In honor of President's day, and since 15 of the last 18 Presidents have taken to the game with varying levels of enthusiasm and skill, here is a list of the top 5 Presidential golfers. My rankings reflect a combination of passion for the game and actual level of golfing ability:
1) Dwight D. Eisenhower: Ike loved golf, no doubt about it, and even took alot of political heat from Democrats who said that he spent too much time on the golf course and not enough time actually governing. Ike showed them though -- he had a putting green installed outside the Oval Office that is still used today. I got to see the putting green on a trip to the White House with Notre Dame back in 2001, and it is very well maintained (not too big) and has balls with the Seal of the President on them. Very cool! Ike played somewhere around 800 rounds in the White House, and was a member of Augusta National. You have all probably heard reference on the Masters telecasts over the years to "The Eisenhower Pine" -- this is a tree that is on the 17th hole that Ike hit so many times over the years that he proposed that it be cut down at an Augusta National members meeting. The powers that be at Augusta politely refused the 34th President of the United States' request, but the name stuck -- as did Ike's golf balls in the tree's branches!
2) John F. Kennedy: It is generally widely acknowledged that JFK was the premier golfer to have taken up residence at 1600 Pennsylvania Avenue. Kennedy was a great athlete with a smooth and powerful swing and played in the high 70s and low 80s. He may well have topped the list, except that his chronic back problems limited his rounds, as did his predecessor's (our #1) passion for the game. Ike was such an avid golfer that JFK viewed golf as a political liability he could not well afford, and kept his love for the game on the down low.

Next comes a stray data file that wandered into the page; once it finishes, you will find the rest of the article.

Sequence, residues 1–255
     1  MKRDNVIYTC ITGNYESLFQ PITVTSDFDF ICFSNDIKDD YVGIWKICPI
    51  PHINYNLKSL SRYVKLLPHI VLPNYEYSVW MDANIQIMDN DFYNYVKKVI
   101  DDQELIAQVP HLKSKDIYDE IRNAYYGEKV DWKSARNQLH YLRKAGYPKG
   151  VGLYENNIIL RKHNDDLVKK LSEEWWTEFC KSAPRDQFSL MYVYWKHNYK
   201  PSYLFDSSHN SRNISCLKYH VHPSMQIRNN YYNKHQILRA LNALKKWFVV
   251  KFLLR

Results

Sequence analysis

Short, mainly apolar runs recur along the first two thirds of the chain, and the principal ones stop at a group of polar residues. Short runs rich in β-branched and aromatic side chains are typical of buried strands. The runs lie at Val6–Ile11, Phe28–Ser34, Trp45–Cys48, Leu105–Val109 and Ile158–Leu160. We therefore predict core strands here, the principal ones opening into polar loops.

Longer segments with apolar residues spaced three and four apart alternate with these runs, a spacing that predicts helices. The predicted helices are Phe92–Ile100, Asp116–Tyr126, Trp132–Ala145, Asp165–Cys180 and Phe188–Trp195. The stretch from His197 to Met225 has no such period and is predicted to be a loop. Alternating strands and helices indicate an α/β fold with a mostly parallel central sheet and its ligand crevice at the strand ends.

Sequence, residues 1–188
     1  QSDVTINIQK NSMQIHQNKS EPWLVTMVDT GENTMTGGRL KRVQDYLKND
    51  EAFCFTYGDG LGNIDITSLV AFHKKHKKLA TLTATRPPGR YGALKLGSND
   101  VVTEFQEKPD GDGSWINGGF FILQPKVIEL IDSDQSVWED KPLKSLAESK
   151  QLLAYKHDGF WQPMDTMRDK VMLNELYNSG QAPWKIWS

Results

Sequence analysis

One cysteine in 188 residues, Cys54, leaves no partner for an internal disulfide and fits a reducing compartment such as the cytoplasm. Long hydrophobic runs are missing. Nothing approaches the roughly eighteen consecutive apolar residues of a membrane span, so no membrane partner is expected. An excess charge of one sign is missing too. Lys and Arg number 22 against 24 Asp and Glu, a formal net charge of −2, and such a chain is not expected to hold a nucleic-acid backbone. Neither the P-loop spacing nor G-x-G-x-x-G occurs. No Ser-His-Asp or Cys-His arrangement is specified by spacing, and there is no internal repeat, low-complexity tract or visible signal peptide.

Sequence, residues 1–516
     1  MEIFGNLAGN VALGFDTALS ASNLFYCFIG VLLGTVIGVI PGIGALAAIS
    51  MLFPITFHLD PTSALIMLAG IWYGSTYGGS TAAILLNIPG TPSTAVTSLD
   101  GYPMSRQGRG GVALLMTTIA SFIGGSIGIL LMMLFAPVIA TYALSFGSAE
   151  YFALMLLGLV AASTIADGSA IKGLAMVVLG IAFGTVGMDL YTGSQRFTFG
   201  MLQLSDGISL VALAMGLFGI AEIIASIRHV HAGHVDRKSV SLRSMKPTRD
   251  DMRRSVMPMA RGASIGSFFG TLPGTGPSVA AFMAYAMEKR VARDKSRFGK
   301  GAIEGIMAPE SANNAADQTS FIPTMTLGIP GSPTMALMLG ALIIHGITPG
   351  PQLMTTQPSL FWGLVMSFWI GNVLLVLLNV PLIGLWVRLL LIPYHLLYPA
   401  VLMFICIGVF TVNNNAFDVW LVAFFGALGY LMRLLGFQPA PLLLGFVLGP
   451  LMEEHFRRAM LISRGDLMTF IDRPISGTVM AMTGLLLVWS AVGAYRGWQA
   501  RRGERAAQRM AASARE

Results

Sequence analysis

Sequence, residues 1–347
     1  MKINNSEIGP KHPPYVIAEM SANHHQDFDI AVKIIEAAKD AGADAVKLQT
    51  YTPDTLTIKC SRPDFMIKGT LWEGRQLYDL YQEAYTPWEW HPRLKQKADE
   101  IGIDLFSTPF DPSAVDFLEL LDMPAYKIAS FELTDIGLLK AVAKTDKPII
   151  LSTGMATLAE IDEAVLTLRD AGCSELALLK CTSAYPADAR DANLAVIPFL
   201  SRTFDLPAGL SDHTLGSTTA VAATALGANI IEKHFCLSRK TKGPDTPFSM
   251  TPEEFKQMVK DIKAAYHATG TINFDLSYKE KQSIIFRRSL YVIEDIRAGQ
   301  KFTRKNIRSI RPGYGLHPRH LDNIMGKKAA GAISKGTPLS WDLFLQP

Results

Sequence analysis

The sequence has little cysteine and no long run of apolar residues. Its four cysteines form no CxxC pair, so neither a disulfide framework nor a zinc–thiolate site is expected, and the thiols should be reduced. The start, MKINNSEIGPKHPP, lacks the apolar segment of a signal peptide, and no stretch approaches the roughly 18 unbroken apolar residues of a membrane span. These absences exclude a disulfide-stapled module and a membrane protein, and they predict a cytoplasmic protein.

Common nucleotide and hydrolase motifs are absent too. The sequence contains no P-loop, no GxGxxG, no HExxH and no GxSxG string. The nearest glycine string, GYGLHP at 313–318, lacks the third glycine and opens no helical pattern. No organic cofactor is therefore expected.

3) Franklin Delano Roosevelt: This may come as a shock to many people, given that the image of FDR that endures to this day is being President while confined to a wheelchair as a result of having polio at the age of 39. But in the years prior to losing the use of his legs, FDR was an avid and skilled golfer. In fact, after graduating from Harvard he won the club championship at a course on an island off the coast of Maine. FDR's passion continued even after polio robbed him of his ability to play the game, and he used his Works Progress Administration to put the nation back to work during the Great Depression in part by building golf courses. The men of the WPA even went to work on one of my favorite places, the courses and facilities at Bethpage State Park on Long Island. From now on, when I go to Bethpage, I will definitely tip my cap and say thanks to the 32nd President of the United States.
4) Bill Clinton: President Clinton certainly has a well-known passion for the game and enjoyed carting around quite an entourage when he would hit the links as Commander-in-Chief. Clinton is not a bad golfer, and can play around 80 when he has it going, though he is perhaps best known for some creative math out on the golf course with mulligans and foot wedges a usual part of his arsenal.
5) George Herbert Walker Bush: "41" enjoyed the game as much as anyone, and his family has a well-known golfing lineage -- the Walker Cup, where the United States' top amateurs take on the top amateurs from Great Britain and Ireland in a team event every other year similar to the Ryder Cup -- is named after Bush's grandfather, George Herbert Walker, a former President of the USGA. At one time, Bush was able to get his handicap down to around an 11 and is well-known for his notoriously fast round (including one 18 hole round he boasts he played in less than 90 minutes). Bush is a huge supported of the game, and in May will be enshrined in the World Golf Hall of Fame as the recipient of the Lifetime Achievement Award.